In the latest "This is SportsCenter" commercial, Lin puts his Harvard education to good use, helping some ESPN anchors write their script.
Lin tosses out words like "trajectory," "velocity" and "temporal," the latter of which is misspelled, an error that Jeremy immediately catches.
Compared to those Volvo commercials that Lin was doing, this is hysterical. It's not at all serious, yet it's a testament to how far the point guard has come at the same time.
We all knew Lin had to be some kind of a genius. I mean, no one just goes to Harvard; you have to earn it.
Though he doesn't use any incomprehensible words, the method in which he analyzes the workings of a jump ball isn't exactly one you would expect to see an anchor use—ever.
It's not even a topic most would consider writing about. It's over-complicating an aspect of the game that is supposed to be so simple.
Far be it from me to diminish Lin's intelligence—he's clearly smart—but could you see him taking this kind of a pensive approach when actually on the court? Could you picture him analyzing the "trajectory" of a shot that caromed off the rim so he could snag the rebound? Or calculating the angle at which he must toss a pass to the exact degree?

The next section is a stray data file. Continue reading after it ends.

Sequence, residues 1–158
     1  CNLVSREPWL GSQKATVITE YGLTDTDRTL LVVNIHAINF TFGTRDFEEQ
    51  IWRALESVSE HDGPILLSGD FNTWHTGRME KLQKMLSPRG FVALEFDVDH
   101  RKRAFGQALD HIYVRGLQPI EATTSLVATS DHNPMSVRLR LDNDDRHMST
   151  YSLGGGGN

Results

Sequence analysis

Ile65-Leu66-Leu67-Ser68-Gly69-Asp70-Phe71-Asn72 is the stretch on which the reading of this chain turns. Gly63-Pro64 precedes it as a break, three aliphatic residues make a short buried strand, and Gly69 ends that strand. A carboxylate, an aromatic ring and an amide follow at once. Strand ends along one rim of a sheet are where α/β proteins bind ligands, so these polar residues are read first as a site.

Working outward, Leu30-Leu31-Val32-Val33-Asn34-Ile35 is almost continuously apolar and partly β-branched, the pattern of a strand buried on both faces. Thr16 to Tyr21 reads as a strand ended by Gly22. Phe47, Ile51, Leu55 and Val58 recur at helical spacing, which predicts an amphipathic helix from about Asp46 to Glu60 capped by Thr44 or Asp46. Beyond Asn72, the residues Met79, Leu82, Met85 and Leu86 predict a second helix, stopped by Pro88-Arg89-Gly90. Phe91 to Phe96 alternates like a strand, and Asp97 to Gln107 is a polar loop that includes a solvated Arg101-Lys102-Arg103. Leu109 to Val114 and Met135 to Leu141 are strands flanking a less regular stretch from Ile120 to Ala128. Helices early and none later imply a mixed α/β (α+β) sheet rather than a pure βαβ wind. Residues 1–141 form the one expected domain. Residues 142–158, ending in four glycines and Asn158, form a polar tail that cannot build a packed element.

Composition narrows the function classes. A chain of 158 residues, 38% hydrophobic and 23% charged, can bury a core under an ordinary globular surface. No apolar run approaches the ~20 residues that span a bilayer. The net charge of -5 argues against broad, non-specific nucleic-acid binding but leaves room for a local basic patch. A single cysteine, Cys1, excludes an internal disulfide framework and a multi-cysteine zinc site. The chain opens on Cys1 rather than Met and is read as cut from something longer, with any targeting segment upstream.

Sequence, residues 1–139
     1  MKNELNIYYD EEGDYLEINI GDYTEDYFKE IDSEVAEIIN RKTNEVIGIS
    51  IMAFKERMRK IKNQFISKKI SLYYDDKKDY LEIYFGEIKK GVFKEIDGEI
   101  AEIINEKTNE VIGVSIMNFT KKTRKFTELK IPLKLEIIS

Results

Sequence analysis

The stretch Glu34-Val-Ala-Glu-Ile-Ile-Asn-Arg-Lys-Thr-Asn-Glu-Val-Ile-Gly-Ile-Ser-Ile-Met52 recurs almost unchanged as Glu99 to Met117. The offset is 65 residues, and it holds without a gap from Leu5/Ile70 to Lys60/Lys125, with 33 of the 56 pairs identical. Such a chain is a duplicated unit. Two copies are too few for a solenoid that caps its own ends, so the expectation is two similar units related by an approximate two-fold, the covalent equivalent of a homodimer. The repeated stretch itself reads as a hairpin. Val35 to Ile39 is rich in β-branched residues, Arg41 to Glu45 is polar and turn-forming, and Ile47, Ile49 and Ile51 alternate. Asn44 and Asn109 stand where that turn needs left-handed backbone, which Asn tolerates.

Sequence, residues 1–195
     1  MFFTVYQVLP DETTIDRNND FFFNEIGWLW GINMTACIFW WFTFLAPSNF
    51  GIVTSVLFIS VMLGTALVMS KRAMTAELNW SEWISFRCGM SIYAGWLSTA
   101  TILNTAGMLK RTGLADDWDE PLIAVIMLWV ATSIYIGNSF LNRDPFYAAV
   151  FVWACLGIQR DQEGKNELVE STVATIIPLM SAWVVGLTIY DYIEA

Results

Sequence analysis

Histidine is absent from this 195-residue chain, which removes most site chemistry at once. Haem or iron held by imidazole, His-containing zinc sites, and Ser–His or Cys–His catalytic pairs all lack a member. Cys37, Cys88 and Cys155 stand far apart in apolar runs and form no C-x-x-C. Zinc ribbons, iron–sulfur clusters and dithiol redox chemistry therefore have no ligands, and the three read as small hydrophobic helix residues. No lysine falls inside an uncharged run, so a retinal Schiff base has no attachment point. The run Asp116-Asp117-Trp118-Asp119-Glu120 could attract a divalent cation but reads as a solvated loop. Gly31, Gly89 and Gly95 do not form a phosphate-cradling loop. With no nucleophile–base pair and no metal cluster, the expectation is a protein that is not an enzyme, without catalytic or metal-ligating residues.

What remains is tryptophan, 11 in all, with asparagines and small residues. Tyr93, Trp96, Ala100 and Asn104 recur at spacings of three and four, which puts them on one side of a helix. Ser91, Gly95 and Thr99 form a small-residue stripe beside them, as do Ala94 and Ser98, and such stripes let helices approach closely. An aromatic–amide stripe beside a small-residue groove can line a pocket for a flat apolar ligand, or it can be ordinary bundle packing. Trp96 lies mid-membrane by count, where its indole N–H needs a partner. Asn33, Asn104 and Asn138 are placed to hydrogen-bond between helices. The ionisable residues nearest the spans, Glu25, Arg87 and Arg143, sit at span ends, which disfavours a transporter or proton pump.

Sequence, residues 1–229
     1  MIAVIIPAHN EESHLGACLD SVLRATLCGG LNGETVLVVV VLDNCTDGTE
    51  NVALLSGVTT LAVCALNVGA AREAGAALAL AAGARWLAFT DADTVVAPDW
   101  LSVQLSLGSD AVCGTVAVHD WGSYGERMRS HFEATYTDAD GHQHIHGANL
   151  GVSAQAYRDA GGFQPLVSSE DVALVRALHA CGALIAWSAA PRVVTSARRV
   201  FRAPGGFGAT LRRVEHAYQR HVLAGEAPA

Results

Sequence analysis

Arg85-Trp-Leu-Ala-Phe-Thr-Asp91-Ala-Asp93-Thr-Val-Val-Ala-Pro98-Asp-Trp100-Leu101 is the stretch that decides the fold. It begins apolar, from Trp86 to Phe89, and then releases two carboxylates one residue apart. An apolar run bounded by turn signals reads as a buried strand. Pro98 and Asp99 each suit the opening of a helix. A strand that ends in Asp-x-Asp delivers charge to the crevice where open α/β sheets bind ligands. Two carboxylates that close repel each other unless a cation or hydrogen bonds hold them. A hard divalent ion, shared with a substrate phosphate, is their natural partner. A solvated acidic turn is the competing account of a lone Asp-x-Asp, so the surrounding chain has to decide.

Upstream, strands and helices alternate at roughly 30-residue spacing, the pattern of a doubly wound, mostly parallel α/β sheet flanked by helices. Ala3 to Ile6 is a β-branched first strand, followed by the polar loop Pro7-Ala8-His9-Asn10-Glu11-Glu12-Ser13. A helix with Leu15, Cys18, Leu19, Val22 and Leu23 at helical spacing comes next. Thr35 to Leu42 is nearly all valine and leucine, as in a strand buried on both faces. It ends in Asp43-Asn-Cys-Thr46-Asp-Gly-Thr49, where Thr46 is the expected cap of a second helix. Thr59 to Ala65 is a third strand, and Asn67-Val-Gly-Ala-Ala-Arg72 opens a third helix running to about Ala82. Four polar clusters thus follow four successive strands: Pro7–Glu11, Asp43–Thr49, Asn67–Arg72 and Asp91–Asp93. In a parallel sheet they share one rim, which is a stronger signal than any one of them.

I'm going to go with "no." There's definitely an intellectual approach when it comes to basketball, but when playing at such a rapid pace, innate intuition reigns supreme.
But at the office, preparing for a segment on jump balls or whatnot, there is no limit to how many different approaches Lin can take to a particular discussion—or how many things he can do.
Thus, if you only take one thing away from this cameo, let it be that Lin has plenty of options should he ever stop dropping those dimes of his on the basketball court.
Whether that's as a sports anchor or astrophysicist remains to be seen.